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By Lauren VanDenBoom

June 18, 2020

A recent look at clinical decision support systems (CDSS) in online journal npj Digital Medicine found these benefits for patients, clinicians and administrators:

  • Patient safety: A common use for CDSS is to reduce medication errors. For example, a CDSS might check for drug-drug interactions or send an alert when a prescribed dose exceeds the recommended amount.
  • Clinical management: CDSS can improve adherence to clinical guidelines, for example. 
  • Administrative functions: CDSS can make it easier for doctors to choose the right diagnosis codes or complete documentation.

Given the benefits, one can see why healthcare organizations have turned to various types of CDSS to help safely manage opioid prescribing. The potential patient safety impact is the prevention of addiction or overdose. Opioid prescriptions come with numerous federal, state, and professional guidelines that must be followed, leading to clinical management challenges. These challenges even lead to primary care physicians turning away patients who are on chronic opioid therapy. Opioid prescribing also comes with numerous administrative requirements, such as risk assessments, patient agreements, morphine milligram equivalent (MME) calculations, and prescription drug monitoring program (PDMP) checks.

But CDSS are not a perfect solution. The npj Digital Medicine article also identified several CDSS pitfalls, including alert fatigue and data/content maintenance. Medication lists, in particular, were a noted issue: “Medication and problem lists can be problematic, if not updated or used appropriately. At one site, the medication list might be a list of dispensations, which means patients may or may not be taking them (and thus must still be asked in person). Other medication lists are generated from CPOE orders only, thus still requiring manual confirmation that patients are taking the medication.1

Opioid prescribing is prone to these CDSS pitfalls. For example, a study published in the Annals of Emergency Medicine about opioid CDSS concluded, “To prevent one adverse drug event, providers dealt with more than 123 unnecessary alerts. It is essential to refine clinical decision support alerting systems to eliminate inconsequential alerts to prevent alert fatigue and maintain patient safety.”2   Clinicians participating in the OPTI study to improve opioid safety didn’t  use the available CDSS because of technical difficulties accessing and navigating the system and belief that the system was based on outdated initiatives and guidelines.3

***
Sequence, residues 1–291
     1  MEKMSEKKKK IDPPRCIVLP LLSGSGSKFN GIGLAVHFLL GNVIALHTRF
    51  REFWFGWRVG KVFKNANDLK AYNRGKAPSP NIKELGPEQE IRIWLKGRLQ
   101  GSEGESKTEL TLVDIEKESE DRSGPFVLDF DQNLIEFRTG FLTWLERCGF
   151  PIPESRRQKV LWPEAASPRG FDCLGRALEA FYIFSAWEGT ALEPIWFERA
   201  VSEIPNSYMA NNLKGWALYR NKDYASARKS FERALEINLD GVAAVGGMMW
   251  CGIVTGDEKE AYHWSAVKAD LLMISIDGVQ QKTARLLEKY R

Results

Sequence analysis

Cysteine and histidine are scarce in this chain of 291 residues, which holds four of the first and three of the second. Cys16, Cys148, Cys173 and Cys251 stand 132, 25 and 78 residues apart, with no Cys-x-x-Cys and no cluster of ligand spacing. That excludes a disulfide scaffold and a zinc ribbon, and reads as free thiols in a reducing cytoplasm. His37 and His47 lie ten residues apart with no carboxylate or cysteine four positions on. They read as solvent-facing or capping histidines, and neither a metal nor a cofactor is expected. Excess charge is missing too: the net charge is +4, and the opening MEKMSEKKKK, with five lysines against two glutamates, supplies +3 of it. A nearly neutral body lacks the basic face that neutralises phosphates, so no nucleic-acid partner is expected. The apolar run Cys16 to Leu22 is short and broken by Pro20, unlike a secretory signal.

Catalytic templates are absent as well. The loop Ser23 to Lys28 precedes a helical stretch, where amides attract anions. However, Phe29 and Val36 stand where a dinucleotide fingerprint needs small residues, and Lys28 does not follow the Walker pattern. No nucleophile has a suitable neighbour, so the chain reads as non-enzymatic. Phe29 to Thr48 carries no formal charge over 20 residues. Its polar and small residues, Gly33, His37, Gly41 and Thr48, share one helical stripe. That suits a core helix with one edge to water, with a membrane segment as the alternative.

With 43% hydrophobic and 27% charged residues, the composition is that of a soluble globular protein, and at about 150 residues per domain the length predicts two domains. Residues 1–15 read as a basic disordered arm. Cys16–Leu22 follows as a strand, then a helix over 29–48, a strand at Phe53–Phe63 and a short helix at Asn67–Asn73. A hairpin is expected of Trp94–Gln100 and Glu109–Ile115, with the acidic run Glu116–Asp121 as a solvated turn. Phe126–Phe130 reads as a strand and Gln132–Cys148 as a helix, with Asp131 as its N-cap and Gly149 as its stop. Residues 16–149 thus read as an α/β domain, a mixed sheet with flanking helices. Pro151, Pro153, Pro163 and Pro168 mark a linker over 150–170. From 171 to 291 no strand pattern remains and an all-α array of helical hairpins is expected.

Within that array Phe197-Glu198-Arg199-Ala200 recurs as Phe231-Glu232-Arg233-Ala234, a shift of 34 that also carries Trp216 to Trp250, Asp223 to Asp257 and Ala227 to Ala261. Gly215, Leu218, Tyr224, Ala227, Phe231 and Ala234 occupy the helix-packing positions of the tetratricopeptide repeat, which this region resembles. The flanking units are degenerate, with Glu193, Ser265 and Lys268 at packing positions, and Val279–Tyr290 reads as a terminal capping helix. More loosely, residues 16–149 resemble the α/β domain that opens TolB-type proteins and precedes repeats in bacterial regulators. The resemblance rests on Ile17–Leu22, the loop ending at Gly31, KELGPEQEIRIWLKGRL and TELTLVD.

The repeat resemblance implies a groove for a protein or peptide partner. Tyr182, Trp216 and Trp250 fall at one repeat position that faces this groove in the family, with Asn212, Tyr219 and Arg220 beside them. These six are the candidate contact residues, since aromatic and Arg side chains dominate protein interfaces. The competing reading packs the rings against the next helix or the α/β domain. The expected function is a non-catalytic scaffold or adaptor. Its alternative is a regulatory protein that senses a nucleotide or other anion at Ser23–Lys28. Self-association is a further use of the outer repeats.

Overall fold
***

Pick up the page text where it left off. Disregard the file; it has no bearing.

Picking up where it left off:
hc1 has addressed these issues by focusing on what we do best—transforming lab data into personalized insights—and by partnering with Appriss® Health, the leading provider of PDMP services for the United States, to build hc1 Opioid Advisor®

The American Society of Interventional Pain Physicians (ASIPP) recommends that opioid prescribers use a combination of urine drug tests and PDMP checks to monitor their patients for adherence, abuse, and noncompliance.4  Patient monitoring is exactly where hc1 Opioid Advisor offers clinical decision-making support. 

hc1 Opioid Advisor does a complete drug consistency analysis by comparing drug test results against the list of all tracked medications dispensed to the patient, as reported to state PDMPs. Prescribers no longer need to maintain medication lists or spend time manually comparing drug test results to prescribed medications, parent drugs, and metabolites, looking for inconsistencies. Prescribers can instead focus on the patient communication and engagement that is crucial to ensuring that patients adhere to their pain management programs.

Visit to learn more about Opioid Advisor and request a demo

References and Resources

  1. Sutton, R.T., et al. (2020 February 6). An overview of clinical decision support systems: benefits, risks, and strategies for success. npj Digital Medicine. 3, 17 (2020).
  2. Genco, Emma K. MS, et al. (06 November 2015). Clinically Inconsequential Alerts: The Characteristics of Opioid Drug Alerts and Their Utility in Preventing Adverse Drug Events in the Emergency Department. Annals of Emergency Medicine.
  3. Seal Karen H. MD, MPH, et al. (2019 February 1). Optimizing pain treatment interventions (OPTI): A pilot randomized controlled trial of collaborative care to improve chronic pain management and opioid safety-Rationale, methods, and lessons learned. Contemporary Clinical Trials. 2019;77:76‐85.
  4. Navani, Annu MD, et al. (2017). Responsible, Safe, and Effective Prescription of Opioids for Chronic Non-Cancer Pain: American Society of Interventional Pain Physicians (ASIPP) Guidelines. Pain Physician Opioid Guidelines Special Issue Vol 20 issue 2S.
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